“Things turn out best for those who make the best of the way things turn out.”John Wooden
This insightful quote from legendary basketball coach John Wooden recognizes a simple truth – we can’t control everything that happens to us. Life will invariably throw setbacks, obstacles, and unexpected events our way. What we can control is how we choose to interpret and respond to whatever comes at us.
Rather than wallowing in disappointment when things don’t go as planned, we can shift our mindset to make the absolute best of the situation. This agile adaptability allows us to turn challenges into opportunities for growth and progress. As Wooden knew, achievement lies not in the perfect hand you’re dealt but rather in how you play that hand.
Making the Best of Any Situation
When plans fall apart, project timelines slip, or you face other unanticipated hurdles, it’s easy to get frustrated and give up. Making the best of the situation first requires acknowledging that initial letdown emotionally. Don’t suppress it.
Then, begin actively looking for ways to work with the new reality, not against it.
- How can you reframe the circumstance into a positive?
- What opportunities does the change open up?
Getting creative and focusing on potential versus lamenting loss allows you to thrive.
Adjusting Your Mindset
Often, the difference between those who bounce back from adversities and those who crumble is simply mindset. Rather than seeing a setback as catastrophic, view it as a chance to exercise your problem-solving abilities.
- Don’t take events personally.
- Shift your inner narrative from “I can’t catch a break!” to “This will make me more resilient.”
- Recognize when you get dealt a tough hand and make the conscious choice to play it as best as you can.
Your power lies in how you interpret what happens.
Cultivating Optimism and Gratitude
Even when things go wrong, there are always positives to be found if you look. Focus on what you still have versus what you lack.
Did a job opportunity fall through? Be grateful for the lessons learned and the chance to clarify your perfect role. Got stuck in traffic and missed an event? Find thanks that you avoided an accident.
Expressing gratitude for any bright spots in negative situations keeps your mindset uplifted.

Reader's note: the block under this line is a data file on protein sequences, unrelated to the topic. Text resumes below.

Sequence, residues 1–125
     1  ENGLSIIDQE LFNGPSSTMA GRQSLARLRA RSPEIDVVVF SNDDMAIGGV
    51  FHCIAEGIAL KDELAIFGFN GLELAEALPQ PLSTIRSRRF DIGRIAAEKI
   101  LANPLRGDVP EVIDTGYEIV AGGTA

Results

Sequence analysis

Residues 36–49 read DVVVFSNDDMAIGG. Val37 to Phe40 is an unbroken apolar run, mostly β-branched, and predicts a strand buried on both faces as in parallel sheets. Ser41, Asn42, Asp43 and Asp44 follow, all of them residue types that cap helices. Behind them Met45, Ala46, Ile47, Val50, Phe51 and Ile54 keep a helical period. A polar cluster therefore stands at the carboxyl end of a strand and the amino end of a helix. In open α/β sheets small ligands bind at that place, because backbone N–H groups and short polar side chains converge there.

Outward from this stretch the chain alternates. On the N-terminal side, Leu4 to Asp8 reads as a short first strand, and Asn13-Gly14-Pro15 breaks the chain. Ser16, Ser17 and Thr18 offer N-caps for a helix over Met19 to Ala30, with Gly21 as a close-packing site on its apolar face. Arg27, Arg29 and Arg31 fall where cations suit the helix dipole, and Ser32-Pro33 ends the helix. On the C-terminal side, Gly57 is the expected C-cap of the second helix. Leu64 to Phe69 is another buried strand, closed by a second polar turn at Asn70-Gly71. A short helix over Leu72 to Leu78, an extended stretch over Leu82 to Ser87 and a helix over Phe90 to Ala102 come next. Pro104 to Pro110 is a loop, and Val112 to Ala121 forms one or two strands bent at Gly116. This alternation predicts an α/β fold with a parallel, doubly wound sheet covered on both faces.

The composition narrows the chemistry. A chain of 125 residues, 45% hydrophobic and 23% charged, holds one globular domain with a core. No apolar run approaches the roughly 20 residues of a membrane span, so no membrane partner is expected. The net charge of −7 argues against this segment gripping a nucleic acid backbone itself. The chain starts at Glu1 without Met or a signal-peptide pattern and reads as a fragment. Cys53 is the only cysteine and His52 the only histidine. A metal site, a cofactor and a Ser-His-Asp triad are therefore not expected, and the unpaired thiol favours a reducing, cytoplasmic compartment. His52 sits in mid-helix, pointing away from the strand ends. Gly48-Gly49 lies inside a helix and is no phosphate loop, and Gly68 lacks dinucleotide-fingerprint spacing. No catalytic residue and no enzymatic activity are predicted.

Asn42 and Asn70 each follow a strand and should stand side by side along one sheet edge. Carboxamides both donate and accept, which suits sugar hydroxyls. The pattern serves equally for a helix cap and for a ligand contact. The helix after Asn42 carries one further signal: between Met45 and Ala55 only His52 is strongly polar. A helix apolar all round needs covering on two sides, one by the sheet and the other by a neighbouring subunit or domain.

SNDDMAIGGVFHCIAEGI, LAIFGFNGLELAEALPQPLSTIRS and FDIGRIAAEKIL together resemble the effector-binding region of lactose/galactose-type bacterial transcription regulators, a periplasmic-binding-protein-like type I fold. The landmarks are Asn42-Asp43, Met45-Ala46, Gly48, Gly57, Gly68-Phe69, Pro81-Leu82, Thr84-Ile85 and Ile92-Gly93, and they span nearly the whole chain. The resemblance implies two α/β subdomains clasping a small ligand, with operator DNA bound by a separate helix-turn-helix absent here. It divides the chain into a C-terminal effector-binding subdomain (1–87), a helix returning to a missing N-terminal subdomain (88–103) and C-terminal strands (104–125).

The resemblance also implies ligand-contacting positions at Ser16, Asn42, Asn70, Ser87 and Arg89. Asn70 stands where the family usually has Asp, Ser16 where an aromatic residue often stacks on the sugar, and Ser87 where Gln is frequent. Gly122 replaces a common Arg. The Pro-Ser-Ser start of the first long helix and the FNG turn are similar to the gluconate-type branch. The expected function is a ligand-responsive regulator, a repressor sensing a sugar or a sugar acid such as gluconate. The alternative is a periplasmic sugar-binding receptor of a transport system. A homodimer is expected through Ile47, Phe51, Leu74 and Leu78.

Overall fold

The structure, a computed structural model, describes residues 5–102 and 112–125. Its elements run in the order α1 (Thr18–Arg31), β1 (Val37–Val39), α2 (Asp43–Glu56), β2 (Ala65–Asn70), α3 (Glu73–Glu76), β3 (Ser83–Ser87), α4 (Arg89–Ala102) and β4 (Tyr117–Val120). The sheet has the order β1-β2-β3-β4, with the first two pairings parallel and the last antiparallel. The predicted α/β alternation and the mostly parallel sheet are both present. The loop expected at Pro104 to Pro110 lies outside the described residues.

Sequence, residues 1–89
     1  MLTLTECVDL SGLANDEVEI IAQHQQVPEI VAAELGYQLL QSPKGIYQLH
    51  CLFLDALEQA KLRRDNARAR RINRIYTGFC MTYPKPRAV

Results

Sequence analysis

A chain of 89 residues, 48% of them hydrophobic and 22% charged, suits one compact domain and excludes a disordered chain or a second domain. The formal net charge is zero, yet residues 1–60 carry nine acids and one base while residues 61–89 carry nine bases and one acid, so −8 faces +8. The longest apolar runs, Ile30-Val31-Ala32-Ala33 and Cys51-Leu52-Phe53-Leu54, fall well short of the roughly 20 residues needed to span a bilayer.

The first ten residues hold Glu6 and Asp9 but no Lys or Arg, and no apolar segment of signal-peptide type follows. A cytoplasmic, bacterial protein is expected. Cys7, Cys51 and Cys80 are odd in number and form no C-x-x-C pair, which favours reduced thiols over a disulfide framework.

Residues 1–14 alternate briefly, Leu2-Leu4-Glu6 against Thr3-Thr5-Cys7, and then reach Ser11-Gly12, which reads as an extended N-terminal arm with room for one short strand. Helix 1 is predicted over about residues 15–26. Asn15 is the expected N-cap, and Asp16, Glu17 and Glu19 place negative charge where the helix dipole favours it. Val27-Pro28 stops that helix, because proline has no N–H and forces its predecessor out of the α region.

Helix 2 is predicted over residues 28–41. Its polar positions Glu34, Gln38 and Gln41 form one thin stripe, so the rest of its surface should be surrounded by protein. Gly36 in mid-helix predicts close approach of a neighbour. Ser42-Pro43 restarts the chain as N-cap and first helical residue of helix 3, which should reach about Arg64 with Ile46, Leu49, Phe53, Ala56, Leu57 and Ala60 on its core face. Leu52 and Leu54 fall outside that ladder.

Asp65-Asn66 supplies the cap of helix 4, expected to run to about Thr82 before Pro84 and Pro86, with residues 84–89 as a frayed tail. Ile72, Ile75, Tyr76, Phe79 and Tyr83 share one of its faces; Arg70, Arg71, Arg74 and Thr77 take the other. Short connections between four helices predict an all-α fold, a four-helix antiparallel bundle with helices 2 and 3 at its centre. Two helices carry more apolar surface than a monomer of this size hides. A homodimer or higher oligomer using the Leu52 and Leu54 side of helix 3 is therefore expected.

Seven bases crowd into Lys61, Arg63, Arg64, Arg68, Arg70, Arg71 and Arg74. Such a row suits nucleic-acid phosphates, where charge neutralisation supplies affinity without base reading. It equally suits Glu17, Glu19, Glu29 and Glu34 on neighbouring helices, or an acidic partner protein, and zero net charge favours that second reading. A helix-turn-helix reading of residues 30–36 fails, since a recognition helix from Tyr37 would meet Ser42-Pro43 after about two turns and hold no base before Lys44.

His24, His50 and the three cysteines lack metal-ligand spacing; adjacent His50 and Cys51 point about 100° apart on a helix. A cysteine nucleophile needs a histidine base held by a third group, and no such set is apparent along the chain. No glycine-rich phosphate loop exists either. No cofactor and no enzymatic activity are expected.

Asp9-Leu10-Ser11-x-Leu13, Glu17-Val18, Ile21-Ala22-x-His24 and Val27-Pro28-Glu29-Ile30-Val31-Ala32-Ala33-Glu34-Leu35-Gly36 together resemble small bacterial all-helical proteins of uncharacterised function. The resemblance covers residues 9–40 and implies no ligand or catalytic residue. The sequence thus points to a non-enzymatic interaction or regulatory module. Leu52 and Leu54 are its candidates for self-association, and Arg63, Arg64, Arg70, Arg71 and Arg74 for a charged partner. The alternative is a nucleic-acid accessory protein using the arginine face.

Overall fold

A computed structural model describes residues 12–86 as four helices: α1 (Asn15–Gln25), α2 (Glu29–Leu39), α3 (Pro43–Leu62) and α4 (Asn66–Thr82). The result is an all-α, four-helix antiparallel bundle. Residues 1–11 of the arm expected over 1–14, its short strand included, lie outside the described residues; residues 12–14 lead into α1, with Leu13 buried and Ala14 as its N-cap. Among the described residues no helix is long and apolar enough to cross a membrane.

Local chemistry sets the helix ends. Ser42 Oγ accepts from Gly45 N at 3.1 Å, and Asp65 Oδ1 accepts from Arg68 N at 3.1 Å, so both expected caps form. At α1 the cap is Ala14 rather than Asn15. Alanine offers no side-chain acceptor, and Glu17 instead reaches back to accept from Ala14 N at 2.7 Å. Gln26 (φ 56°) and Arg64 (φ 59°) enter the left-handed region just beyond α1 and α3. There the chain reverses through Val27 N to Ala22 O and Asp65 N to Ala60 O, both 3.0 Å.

Taking Action Over Wallowing
When you get derailed by an unexpected problem, it’s tempting to wallow in self-pity, thinking, “Why me?” But ruminating on what went wrong drains your energy for fixing it.
Instead of lingering on disappointments, pivot quickly to ask, “Now what?” Reflect briefly, then redirect all focus to brainstorming your next steps. Taking positive action gives you power over problems. Progress comes from doing, not stewing.
Learning and Growing from Mistakes
Setbacks not only test our resilience but also provide vital lessons to fuel future success if we’re open to learning. Ask yourself,
- “What could I do differently next time?”
- “How can I grow from this?”
Taking a growth mindset allows you to mine mistakes and challenges for the wisdom they contain. You gain knowledge to emerge stronger rather than making the same errors repeatedly. Use life’s stumbles as stepping stones.
Finding Small Wins in the Midst of Major Challenges
When you’re facing a huge, complex problem, it’s easy to get overwhelmed and give up. The key is breaking it down into bite-sized pieces.
Identify minor progress steps and milestones. Celebrate small daily forward momentum to maintain morale and hope when the overall undertaking feels daunting and endless. Even major challenges become surmountable when compartmentalized.
The Power of Flexibility and Adaptability
Rigidity is what breaks us when circumstances change. Successful people across fields all share the common trait of adaptability. They don’t cling stubbornly to one approach.
When Plan A stalls, they pivot and get creative, trying Plan B, C, or Z. Developing your flexibility muscle allows you to make the best of whatever unique hand you’re dealt each day, even when it’s far from ideal.
Staying Resilient Through the Highs and Lows
Over the course of life, you will face seasons of hardship and periods of ease. What keeps you levelheaded through the turbulence is remembering both are temporary.
Catastrophic thinking like “I’ll never recover from this!” gives situations too much power.
Believing in your ability to eventually bounce back, whether now or later, builds resilience to continue making the best of the situation in front of you.
To summarize John Wooden’s quote, circumstances themselves don’t determine our success nearly as much as mindset, action, and agility in responding.
Making the best of the way things work out breeds resourcefulness and grit to turn challenges into opportunities. That growth mindset allows you to play whatever hand you’re dealt as masterfully as you can.